- Image 1 of 2
- Image 2 of 2
WASHINGTON – When President Donald Trump spoke to the National Prayer Breakfast this month, he underscored his vow to defend the religious rights of the conservative Christians who helped propel him to power.
Now, they expect the Justice Department under new Attorney General Jeff Sessions will reposition itself as a champion of what they see as that religious freedom.
It would be a welcome change for conservative Christians who say their concerns were marginalized under the Obama administration in favor of First Amendment and LGBT issues.
Exactly how Sessions will approach the issue remains to be seen, but he has given them plenty of reasons to be hopeful.
As a Republican senator from Alabama, Sessions, a devout Methodist, argued that the separation of church and state is unconstitutional, and that the First Amendment's bar on an establishment of religion has been interpreted too strictly, while its right to free exercise of religion has been diminished.
Asked at his confirmation hearing whether a "secular person" has "just as good a claim to understanding the truth as a person who is religious," Sessions replied, "Well. I'm not sure."
That backdrop suggests Sessions' Justice Department could more eagerly insert itself into religion-oriented cases such as that of the bakery fined for refusing to make a gay wedding cake, or the high-school football coach fired for praying on the field after games, who Trump repeatedly mentioned during his campaign.
"Religious conservatives have sort of been the forgotten people," said Hiram Sasser, deputy chief counsel for First Liberty Institute, a law firm that specializes in issues of religious liberty. "Now, we have a refreshing sort of reboot to be able to have at least a voice, and to be able to once again have a seat at the table."
Sessions could bring major changes throughout the Justice Department. But the department's civil rights division traditionally is subject to the most radical shift in agendas with each change in presidential administration. Where the Obama Justice Department wanted to leave its mark on reforming troubled police departments, Sessions will likely use its resources differently.
On his first full day on the job, Sessions signaled a shift away from Obama priorities when the Justice Department changed its legal position in a case involving transgender rights. The department is no longer asking a judge to limit an injunction restricting the federal government from telling schools that students should be able to use bathrooms and locker rooms corresponding to their gender identity.
Transgender rights were a focus of the department under former Attorney General Loretta Lynch, who sued the state of North Carolina over a bathroom bill that the government said discriminated against transgender people. Such a move would be improbable in an administration like Trump's, which has already signaled its deference to states' rights.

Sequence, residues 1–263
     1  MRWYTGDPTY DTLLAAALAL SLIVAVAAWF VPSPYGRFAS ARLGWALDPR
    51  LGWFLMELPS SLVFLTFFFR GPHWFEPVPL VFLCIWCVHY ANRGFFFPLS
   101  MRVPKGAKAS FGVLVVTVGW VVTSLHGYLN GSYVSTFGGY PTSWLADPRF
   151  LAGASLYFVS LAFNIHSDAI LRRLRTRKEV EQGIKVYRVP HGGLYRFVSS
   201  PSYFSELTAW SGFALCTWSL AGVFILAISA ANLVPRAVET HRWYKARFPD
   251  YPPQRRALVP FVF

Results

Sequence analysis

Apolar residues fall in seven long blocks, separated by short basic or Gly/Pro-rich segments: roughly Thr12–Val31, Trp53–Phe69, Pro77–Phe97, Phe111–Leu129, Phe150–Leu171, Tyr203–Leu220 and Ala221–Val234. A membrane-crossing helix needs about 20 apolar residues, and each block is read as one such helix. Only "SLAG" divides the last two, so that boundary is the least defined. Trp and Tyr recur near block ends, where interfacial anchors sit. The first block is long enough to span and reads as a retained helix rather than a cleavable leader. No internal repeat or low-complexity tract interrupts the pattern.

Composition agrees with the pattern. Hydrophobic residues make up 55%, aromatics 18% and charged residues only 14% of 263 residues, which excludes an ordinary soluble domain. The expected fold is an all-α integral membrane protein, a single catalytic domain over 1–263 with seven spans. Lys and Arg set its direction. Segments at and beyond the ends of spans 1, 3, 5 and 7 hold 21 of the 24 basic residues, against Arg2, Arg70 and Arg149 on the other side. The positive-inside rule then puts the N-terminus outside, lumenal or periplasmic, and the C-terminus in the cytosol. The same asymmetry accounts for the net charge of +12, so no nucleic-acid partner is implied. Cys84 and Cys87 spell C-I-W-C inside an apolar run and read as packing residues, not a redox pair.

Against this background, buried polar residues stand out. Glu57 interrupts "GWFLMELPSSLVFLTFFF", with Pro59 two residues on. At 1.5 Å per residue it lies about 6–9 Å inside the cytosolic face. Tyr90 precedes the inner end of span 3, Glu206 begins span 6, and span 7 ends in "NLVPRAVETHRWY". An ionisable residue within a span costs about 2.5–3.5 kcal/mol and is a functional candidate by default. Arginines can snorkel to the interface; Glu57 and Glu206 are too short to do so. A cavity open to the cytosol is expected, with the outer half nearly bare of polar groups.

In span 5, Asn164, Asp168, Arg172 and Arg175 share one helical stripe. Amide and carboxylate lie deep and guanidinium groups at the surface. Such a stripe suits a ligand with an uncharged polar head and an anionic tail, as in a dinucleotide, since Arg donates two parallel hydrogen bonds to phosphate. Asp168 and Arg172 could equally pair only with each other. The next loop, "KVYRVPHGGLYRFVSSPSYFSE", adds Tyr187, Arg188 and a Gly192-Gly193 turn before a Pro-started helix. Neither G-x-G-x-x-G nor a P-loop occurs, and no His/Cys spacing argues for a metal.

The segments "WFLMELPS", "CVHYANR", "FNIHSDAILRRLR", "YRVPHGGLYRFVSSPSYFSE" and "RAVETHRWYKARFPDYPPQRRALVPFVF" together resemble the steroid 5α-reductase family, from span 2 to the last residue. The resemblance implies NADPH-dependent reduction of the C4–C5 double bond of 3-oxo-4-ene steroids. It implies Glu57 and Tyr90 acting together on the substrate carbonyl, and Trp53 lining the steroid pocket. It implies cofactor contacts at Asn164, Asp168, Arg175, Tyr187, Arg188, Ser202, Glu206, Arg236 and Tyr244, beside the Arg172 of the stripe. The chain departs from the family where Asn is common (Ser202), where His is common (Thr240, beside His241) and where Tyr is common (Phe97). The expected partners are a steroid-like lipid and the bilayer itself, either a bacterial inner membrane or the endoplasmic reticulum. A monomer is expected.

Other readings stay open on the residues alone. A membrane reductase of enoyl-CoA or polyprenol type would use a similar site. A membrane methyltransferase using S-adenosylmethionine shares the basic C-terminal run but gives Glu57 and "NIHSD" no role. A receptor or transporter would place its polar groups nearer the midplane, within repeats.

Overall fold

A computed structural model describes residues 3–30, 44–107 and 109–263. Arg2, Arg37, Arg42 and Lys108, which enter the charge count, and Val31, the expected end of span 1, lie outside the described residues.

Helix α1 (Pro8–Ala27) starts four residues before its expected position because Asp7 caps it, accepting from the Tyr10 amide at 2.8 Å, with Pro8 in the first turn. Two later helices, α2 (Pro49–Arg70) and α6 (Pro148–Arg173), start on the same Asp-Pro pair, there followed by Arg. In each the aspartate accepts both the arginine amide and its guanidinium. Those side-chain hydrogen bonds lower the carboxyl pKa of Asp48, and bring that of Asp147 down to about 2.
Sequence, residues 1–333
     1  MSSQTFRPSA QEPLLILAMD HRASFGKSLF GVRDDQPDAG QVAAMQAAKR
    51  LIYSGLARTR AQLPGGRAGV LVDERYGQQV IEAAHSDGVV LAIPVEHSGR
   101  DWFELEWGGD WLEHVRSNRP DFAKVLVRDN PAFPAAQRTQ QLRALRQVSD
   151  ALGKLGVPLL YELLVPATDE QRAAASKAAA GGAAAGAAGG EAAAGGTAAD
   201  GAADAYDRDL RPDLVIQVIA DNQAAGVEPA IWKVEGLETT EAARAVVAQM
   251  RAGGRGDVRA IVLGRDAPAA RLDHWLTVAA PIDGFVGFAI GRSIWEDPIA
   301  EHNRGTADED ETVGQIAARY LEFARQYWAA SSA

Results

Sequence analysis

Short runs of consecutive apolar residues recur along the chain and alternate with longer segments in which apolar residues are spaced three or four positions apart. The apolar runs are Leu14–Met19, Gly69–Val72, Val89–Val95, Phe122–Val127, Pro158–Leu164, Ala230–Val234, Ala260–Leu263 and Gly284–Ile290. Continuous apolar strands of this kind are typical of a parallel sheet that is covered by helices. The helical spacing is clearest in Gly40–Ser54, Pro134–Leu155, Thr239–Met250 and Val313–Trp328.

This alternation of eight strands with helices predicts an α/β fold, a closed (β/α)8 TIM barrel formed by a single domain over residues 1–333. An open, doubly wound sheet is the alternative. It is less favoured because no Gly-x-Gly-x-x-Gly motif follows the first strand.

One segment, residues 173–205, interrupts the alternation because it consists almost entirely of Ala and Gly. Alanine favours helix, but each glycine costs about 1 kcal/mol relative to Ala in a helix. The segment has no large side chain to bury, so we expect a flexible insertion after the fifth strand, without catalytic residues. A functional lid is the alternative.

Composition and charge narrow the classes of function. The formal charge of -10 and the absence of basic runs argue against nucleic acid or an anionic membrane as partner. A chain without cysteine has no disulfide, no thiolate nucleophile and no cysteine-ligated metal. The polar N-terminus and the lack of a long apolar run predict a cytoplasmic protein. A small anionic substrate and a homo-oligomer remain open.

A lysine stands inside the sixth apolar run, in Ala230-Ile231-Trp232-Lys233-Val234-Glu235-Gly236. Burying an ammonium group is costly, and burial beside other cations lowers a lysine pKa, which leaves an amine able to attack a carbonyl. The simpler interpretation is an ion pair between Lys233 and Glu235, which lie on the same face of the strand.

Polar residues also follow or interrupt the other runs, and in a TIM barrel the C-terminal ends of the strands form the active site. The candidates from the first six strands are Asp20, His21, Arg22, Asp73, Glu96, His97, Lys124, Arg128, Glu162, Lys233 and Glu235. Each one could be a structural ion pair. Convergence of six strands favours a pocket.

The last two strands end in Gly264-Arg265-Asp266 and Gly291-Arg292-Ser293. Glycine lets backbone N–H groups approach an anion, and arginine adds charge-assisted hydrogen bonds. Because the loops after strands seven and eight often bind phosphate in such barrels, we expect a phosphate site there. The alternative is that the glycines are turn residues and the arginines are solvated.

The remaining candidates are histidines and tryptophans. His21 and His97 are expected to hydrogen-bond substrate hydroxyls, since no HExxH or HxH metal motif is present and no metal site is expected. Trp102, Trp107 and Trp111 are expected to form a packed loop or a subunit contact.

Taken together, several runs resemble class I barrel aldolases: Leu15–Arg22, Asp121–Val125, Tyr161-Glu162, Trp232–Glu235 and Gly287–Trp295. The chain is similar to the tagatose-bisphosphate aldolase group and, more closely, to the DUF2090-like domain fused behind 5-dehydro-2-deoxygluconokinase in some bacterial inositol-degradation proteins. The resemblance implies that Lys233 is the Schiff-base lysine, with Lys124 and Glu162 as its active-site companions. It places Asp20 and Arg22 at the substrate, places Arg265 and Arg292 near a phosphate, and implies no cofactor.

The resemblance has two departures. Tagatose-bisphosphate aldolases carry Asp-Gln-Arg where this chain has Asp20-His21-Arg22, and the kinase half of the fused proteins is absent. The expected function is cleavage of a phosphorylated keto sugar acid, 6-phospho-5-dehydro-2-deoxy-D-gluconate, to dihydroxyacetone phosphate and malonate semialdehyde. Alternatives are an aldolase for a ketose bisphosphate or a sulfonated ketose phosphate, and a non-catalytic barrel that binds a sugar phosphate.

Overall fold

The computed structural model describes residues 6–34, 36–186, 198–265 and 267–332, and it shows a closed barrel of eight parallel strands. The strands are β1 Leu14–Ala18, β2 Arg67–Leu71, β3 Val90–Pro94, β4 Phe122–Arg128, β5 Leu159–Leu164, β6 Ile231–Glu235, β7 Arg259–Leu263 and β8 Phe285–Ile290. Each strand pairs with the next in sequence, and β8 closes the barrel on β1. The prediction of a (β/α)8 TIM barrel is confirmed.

It's unclear exactly what priorities Sessions will pursue when it comes to the civil rights division. The Justice Department declined to comment on his plans for enforcement of religious freedom. He has faced intense criticism of his record on civil rights with regard to race.
A renewed focus on religious causes would be "especially troubling in light of the fact that increasing numbers of Americans are not religious," said Marci Hamilton, a Yeshiva University legal expert on religious liberty. "This landscape is radically different."
But it would help satisfy Trump's campaign promise to his Christian political base. While the appointment of Sessions is a promise fulfilled, some religious conservatives remain concerned that Trump won't deliver. When he was Indiana's governor, Vice President Mike Pence signed a religious freedom law but softened it after criticism that it was discriminatory, a move that disappointed some conservatives.
Trump still has not signed an executive order to boost protections for those with religious objections to gay marriage and create a working group within the Justice Department to protect "the religious freedom of persons and religious organizations."
Groups ranging from the U.S. Conference of Catholic Bishops to Sasser's First Liberty Institute have launched campaigns urging Trump to enact broad protections for religious objectors to laws such as gay marriage and abortion.
His civil rights division could bear a close resemblance to that of the Bush administration, which took a keen interest in matters of religious freedom. It touted its work on human trafficking, an issue of importance to religious conservatives, as a counter to claims that it was weak on civil rights enforcement. Such trafficking cases could again dominate the civil rights division's criminal caseload, while prosecutions of police officers for rights violations, for example, might move to the back burner, said William Yeomans, who spent 24 years as a lawyer in the civil rights division during Democratic and Republican administrations.
The department could insert itself in federal lawsuits on behalf of faith-based groups, among other actions. It could aggressively enforce the provision of the Civil Rights Act that bans workplace bias based on religion, and also a law designed to let churches and other religious institutions skirt zoning restrictions, which the Obama administration used to sued several cities that refused to allow the construction of mosques.
Said Mat Staver, founder and chairman of Liberty Counsel: "You're going to see a big effort to protect religious freedom. It's a welcome change."